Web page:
Obesity-Related Health Conditions

Many factors contribute to obesity and many medical problems are the result of it. These health issues make life difficult and unpleasant and may even shorten it. While your doctor can tell you more about the specific issues of concern regarding your health, here is some information about some of the common obesity-related conditions.

Common Medical Problems caused by Obesity

Type 2 Diabetes

People who are obese develop a resistance to insulin, which regulates blood sugar levels. Over time, the resulting high blood sugar can cause serious damage to your body.

High Blood Pressure and Heart Disease

Excess body weight strains the ability of your heart to function properly. The resulting hypertension (high blood pressure) can lead to stroke and inflict significant damage to the heart and kidneys.

Osteoarthritis of Weight-Bearing Joints

The additional weight placed on joints, particularly knees and hips, can bring pain, caused by inflammation, along with speeding up the process of normal wear and tear. Also, the bones muscles in your back may be strained, resulting in disk problems, pain and decreased mobility.

Sleep Apnea/Respiratory Problems

Fat deposits in the tongue and neck can obstruct your airway. Because the obstruction is worse when you sleep on your back, you may find yourself waking frequently to reposition yourself. The resulting loss of sleep often results in daytime drowsiness and headaches.

Gastroesophageal Reflux and Heartburn

Acid belongs in the stomach and seldom causes any problem when it stays there. When acid escapes into the esophagus through a weak or overloaded valve at the top of the stomach, the result is called gastroesophageal reflux. In the short term, this causes acid reflux and "heartburn" and over the long term, it may increase your risk of esophageal or throat cancer. Approximately 10-15% of patients with even mild, sporadic symptoms of heartburn go on to develop a condition called Barrett's esophagus, which is a pre-malignant change in the lining membrane of the esophagus, a cause of esophageal cancer.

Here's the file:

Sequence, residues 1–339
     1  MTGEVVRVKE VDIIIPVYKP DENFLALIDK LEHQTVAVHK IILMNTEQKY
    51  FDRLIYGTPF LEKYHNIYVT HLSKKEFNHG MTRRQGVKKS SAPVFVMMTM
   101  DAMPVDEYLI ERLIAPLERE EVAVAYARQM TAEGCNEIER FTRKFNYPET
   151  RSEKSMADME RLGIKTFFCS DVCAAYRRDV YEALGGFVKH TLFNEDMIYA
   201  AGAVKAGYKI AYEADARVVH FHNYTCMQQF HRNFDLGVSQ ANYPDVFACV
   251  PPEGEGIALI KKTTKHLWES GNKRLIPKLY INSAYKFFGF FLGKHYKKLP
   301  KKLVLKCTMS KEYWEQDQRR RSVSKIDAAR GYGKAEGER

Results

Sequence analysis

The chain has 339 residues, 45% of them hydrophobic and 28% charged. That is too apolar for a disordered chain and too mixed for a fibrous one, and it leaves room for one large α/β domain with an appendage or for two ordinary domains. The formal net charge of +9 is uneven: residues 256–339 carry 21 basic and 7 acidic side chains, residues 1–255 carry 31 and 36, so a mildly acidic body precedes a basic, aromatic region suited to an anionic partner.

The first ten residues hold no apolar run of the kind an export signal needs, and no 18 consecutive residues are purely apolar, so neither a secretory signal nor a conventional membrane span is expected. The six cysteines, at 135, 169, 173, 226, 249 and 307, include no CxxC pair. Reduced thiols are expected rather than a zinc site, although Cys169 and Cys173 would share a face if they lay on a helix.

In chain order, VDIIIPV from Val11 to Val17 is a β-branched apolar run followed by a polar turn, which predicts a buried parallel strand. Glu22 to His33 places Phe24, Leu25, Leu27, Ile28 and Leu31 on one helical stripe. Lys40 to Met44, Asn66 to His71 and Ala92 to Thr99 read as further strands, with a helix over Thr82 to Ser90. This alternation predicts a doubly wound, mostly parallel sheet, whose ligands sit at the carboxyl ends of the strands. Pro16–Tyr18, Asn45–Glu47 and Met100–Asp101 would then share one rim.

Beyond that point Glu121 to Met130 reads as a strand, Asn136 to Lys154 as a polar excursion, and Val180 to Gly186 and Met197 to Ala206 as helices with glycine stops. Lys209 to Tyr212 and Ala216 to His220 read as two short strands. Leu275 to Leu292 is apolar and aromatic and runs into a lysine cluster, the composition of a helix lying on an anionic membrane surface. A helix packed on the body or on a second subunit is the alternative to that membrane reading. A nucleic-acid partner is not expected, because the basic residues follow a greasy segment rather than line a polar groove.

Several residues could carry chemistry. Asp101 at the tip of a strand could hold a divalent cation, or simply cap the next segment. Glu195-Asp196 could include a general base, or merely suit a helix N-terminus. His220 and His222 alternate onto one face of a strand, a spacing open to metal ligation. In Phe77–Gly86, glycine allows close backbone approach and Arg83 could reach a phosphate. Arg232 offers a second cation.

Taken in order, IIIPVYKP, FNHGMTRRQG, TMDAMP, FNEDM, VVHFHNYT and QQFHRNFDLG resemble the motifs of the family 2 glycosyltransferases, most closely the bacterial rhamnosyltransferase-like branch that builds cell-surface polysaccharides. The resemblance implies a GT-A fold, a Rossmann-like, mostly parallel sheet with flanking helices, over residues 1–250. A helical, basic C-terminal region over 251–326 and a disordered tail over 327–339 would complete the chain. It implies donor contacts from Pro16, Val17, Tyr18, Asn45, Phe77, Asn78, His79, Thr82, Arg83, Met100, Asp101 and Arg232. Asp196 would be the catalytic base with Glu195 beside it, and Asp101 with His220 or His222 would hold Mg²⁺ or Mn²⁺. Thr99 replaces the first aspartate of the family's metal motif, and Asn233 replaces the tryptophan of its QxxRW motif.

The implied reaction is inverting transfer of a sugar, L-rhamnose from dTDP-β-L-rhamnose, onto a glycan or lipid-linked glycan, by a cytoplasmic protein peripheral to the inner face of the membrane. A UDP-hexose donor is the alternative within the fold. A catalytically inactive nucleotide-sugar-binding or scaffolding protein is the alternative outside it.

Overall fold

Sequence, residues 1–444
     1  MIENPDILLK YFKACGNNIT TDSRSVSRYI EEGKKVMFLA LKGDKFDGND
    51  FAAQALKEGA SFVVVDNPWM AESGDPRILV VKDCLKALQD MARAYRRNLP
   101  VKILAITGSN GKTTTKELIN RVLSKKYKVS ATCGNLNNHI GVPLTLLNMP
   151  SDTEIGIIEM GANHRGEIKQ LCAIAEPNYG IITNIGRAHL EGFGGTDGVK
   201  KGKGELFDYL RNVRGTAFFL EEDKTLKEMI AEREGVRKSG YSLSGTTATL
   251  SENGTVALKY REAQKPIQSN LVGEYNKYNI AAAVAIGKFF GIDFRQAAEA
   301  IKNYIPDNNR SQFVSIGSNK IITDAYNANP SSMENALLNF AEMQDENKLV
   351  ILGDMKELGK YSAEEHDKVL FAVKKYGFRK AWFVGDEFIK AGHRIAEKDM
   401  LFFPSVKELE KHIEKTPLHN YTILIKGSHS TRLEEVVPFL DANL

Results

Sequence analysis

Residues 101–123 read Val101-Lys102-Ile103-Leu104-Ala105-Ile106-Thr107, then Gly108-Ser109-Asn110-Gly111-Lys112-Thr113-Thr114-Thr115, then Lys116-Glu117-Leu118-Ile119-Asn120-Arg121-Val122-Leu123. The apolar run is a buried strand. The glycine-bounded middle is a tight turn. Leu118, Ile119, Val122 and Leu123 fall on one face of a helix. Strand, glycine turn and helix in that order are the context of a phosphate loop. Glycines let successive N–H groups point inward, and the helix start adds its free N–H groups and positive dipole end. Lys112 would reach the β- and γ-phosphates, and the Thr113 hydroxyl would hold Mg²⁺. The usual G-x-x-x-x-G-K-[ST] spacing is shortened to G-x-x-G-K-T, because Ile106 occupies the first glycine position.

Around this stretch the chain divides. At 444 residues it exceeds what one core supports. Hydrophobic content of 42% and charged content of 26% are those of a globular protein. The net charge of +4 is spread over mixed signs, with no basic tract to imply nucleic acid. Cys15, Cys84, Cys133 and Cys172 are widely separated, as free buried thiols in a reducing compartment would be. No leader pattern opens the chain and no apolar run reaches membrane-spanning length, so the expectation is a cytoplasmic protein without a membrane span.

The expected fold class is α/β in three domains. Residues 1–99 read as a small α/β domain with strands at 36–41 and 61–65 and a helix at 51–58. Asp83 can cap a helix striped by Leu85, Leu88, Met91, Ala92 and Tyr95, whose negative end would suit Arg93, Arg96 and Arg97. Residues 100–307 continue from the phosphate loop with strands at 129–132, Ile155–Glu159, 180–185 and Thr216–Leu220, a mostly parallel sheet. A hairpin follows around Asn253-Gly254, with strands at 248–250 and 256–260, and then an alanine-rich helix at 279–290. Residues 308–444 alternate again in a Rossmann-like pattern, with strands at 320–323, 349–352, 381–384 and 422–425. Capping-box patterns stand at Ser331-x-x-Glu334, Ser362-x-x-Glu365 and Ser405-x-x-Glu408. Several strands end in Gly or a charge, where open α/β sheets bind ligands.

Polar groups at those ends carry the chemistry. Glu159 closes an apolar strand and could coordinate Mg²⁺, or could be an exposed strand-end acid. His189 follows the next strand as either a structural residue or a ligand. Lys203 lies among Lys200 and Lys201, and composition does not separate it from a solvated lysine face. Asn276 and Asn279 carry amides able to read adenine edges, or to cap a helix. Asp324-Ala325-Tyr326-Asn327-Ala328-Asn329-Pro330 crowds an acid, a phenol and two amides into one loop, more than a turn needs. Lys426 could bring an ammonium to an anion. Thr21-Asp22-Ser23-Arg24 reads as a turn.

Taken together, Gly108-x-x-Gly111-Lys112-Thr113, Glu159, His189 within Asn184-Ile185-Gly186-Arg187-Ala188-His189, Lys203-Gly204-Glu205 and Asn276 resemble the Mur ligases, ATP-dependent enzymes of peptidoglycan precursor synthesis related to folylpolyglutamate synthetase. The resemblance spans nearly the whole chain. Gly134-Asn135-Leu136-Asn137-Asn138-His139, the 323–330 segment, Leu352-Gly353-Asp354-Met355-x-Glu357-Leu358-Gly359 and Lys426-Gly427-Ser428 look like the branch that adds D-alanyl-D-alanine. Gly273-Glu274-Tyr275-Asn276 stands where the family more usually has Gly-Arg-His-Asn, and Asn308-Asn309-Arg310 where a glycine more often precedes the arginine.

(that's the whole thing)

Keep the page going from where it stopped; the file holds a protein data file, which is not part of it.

There is no question that obesity brings emotional challenges. People who are obese suffer when they experience repeated failure with dieting, disapproval from family and friends or being on the receiving end of sneers and remarks from strangers. Other problems include discrimination at work and an inability to sit comfortably in seats on a bus, train, plane or even at a movie theater. Social, psychological and economic consequences of obesity may make the problems even more devastating.


For both men and women, obesity brings hormonal changes that may interfere with your ability to conceive a child.

Urinary Stress Incontinence

The excess weight that obese people carry puts strain on the pelvic muscles (most especially for women who’ve given birth) and may weaken the valve on the urinary bladder, leading to leakage of urine with coughing, sneezing, or laughing.

Menstrual Irregularities

Women who are obese may not have regular menstrual cycles or may experience other related problems, including cramps and abnormal menstrual flow.

Risk of Death

Research demonstrates that people who are morbidly obese have a shorter life expectancy. For example, obese people who weigh twice their ideal body weight (this describes between 2 - 6% of the US population) are at double the risk of early death compared to people who are not obese. The risk of death from diabetes or heart attack is five to seven times greater. There is also a condition called "end-stage" obesity, for which little or no treatment is available.

Are You a Candidate?

If you think you may be a candidate for weight loss surgery, talk to your primary care physician about Danbury Hospital, call 1-800-516-3657 for more information, or attend a free event and learn more about losing weight through bariatric surgery and if it’s right for you.